I Was Shamed In The Church Because I’m A Woman

The last time I went to Nigeria was in 2011. Reminiscing on the trip is always bittersweet because while much of my stay was great, for the first time since going several times during my childhood, I felt like a foreigner in my own home country place of birth.

This was even more evident when I attended church there.

I decided to go with my cousins to a midweek youth service. Mind you, I was 18 at the time, more physically mature than the last time I was there at age 10. As such, there were a few different expectations of me in the church this time, one of which I would encounter in a very rude awakening.

It can be tough being a woman in the church no matter where in the world. Click through to read this woman's experience as it relates to her cross-cultural heritage.

I heard a snap to the right of where I was sitting down on the bench in the church paying attention to what the person at the front was speaking. It echoed from the concrete floor and walls that surrounded us in the hallowed space. Nearly everyone had their head tilt to the right, mine included, and my eyes met that of another Nigerian girl around my age who was looking directly at me. “Cover your head,” she demanded with a very loud whisper as her face reeked of harsh disapproval of my hair exposed in all its glory. Before you know it, all eyes were on me, lingering far much longer than I was comfortable with. I was so embarrassed and ashamed. I was thrown a medium-sized brown fuzzy piece of fabric to wear as a headscarf and so I tied it there, again, with eyes glaring in my direction and voices chattering and giggling about what they had just seen.

This was extremely uncomfortable. This sermon needed to move faster. I wanted out of there.

I recall a few days later getting into the car along with some other of my family members. For some reason, that scene replayed in my head. With my uncle in the driver’s seat I told him  that I do not believe I have to cover my head in church. He said, “But that’s what the Bible says.” I didn’t say anything more. I didn’t want to argue and it wasn’t worth expending my energy. Plus, I wasn’t angry at him. I knew that across cultures, across denominations, across families all around the world, Christianity is practiced in different ways. I just didn’t understand why that was seen as necessary to those people yet, just one week prior in another church, I realized long afterward that I was given a pass to not having my head covered there because I was a “foreigner.”

What determines why we pick and choose different parts of the Bible to follow, like having your head covered, and not others, like allowing women to speak up in church?

There are few other examples of being shamed in church because of my appearance both in Nigeria and America. But unlike those examples, some could look at this example and argue that I wasn’t shamed because I am a woman; I was shamed because I ran into an unforeseen culture clash.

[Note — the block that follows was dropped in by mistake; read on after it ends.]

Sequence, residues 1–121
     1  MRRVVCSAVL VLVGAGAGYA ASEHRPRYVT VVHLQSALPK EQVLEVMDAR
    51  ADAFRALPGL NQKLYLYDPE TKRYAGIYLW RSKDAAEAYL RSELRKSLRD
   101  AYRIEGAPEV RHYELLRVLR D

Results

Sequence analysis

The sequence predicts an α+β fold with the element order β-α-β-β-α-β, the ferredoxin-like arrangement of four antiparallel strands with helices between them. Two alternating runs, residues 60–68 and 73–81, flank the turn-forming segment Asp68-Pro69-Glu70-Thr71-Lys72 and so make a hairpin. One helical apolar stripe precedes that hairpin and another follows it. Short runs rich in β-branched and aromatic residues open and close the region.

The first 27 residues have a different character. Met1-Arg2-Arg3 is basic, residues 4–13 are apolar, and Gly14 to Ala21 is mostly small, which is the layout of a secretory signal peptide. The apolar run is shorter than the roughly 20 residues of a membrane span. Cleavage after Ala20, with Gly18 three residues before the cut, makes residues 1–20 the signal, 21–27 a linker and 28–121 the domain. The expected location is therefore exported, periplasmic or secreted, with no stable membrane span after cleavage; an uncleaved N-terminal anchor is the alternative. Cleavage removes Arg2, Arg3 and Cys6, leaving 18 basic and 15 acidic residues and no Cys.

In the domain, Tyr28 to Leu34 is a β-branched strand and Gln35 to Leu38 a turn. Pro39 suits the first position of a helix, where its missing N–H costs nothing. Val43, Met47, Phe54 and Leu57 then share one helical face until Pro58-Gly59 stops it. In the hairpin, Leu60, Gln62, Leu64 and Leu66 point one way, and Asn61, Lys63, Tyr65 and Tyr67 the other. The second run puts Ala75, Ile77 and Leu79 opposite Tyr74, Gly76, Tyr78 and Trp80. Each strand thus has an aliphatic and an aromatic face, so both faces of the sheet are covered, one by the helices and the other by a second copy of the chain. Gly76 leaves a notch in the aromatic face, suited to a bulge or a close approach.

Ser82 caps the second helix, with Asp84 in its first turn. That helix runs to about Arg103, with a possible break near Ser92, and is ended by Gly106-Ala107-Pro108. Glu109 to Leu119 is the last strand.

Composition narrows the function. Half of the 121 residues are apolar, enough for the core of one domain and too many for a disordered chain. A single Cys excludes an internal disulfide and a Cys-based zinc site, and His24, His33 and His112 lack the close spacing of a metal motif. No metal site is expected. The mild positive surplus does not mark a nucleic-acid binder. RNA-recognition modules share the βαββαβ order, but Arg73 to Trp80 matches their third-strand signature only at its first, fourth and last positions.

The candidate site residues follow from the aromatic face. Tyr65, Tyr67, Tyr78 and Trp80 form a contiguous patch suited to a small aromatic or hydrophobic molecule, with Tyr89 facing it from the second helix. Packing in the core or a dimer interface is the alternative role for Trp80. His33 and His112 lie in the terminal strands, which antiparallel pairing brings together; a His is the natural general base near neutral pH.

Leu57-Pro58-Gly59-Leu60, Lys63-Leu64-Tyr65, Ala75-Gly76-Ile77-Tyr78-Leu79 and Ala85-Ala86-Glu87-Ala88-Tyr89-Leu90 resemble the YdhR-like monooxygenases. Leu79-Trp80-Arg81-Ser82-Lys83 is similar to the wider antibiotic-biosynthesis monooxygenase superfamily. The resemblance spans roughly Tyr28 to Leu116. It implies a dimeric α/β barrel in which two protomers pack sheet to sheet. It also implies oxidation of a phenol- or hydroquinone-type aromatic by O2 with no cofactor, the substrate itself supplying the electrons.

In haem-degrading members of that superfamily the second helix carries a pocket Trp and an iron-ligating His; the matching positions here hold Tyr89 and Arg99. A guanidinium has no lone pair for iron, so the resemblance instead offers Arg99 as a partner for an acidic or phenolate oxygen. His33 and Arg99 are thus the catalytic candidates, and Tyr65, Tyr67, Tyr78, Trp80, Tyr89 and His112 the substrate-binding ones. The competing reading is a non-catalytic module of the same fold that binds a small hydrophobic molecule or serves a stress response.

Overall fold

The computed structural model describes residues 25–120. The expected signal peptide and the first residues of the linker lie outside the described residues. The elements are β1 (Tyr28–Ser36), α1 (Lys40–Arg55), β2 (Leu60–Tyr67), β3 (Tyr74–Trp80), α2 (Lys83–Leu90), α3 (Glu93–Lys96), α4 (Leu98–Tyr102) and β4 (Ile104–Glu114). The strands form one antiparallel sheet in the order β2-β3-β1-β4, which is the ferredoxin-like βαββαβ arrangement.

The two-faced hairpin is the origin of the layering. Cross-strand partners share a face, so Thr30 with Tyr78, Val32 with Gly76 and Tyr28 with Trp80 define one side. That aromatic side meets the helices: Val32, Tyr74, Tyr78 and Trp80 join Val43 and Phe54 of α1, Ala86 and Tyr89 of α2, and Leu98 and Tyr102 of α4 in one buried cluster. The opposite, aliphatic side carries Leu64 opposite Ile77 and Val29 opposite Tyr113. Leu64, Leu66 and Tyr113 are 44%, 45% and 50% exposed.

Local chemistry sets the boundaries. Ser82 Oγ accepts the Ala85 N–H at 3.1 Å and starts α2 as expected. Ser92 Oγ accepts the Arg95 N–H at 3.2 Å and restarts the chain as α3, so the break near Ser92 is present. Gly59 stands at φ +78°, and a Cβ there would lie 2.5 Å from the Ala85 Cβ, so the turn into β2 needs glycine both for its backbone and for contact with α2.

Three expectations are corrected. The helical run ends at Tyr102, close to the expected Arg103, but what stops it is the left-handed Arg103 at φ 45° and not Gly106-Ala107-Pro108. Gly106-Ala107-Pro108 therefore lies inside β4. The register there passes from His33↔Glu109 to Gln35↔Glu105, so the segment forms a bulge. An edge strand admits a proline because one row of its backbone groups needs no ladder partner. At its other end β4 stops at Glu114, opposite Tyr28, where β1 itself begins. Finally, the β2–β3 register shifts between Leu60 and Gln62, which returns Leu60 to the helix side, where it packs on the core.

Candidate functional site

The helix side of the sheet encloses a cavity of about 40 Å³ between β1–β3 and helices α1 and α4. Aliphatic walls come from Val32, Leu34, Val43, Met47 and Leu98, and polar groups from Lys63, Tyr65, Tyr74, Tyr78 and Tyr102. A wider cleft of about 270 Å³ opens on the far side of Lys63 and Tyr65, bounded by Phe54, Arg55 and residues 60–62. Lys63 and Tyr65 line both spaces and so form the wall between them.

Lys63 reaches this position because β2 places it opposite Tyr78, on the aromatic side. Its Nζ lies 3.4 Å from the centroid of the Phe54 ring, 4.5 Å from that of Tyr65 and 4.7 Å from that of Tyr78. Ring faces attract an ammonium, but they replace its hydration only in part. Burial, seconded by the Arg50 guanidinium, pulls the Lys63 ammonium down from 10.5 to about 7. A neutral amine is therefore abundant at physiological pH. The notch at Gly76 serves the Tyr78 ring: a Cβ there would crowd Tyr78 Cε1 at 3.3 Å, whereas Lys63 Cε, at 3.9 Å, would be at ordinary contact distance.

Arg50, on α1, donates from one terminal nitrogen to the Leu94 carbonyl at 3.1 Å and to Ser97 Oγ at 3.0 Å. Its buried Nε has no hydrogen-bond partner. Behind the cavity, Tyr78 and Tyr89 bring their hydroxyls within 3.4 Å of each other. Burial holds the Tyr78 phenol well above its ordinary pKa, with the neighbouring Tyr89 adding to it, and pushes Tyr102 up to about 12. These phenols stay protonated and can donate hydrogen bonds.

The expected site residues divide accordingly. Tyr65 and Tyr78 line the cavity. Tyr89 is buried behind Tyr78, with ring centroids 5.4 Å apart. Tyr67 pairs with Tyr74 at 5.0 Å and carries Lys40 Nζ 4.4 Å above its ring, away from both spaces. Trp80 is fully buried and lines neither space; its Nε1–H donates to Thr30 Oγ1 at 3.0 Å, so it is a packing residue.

But that claim fails to address the root of the problem.

The truth is the onus is and has always been on the woman to look “acceptable” according to the standard of the church she attends. To wear make up or not. To have her hair long or not. To wear earrings and other pieces of jewelry or not. To have her shoulders exposed or not. To have people obsess over the acceptable length of her skirt. All of these things and more, including whether or not my hair should be covered, are done because I am a woman. Men never deal with the pressure of making sure they are “acceptable” in the eyes of church goers. My default inclination doesn’t have me wanting dress for churchgoers. And there in lies the problem: why do so many people think women should dress for their church members?

My experiences across cultures, across denominations, and within church bodies has shown me that I literally cannot win. I cannot dress in such a way that will make everyone around me 100% happy. All of the guilt I’ve experienced concerning my appearance have come from others’ convictions, never my own. And, sure, not every church in existence clings to these legalistic ideals. However, I long for the day when people realize that my sole existence is not for their viewing pleasure, both inside and outside the church.

Have you ever experienced or know of someone being shamed in the church because of your/their appearance? What was that like?
This post was part of The F-Word Linkup hosted by Kiersten, Kelly, and Brita.

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  • I’ve seen the thing about guys making sure that they are not wearing caps, but I usually see it in brief moments when prayer is taking place, not for the entirety of the service. In Nigeria, I think men also don’t wear caps to service either.

    “It’s about worship and service, not clothes…but I don’t mind what other people wear at all.” Completely agree with that! And since you were a childcare worker, it completely makes sense to dress in such a way that allows you to make your job easier. Thanks for commenting, Rachel!

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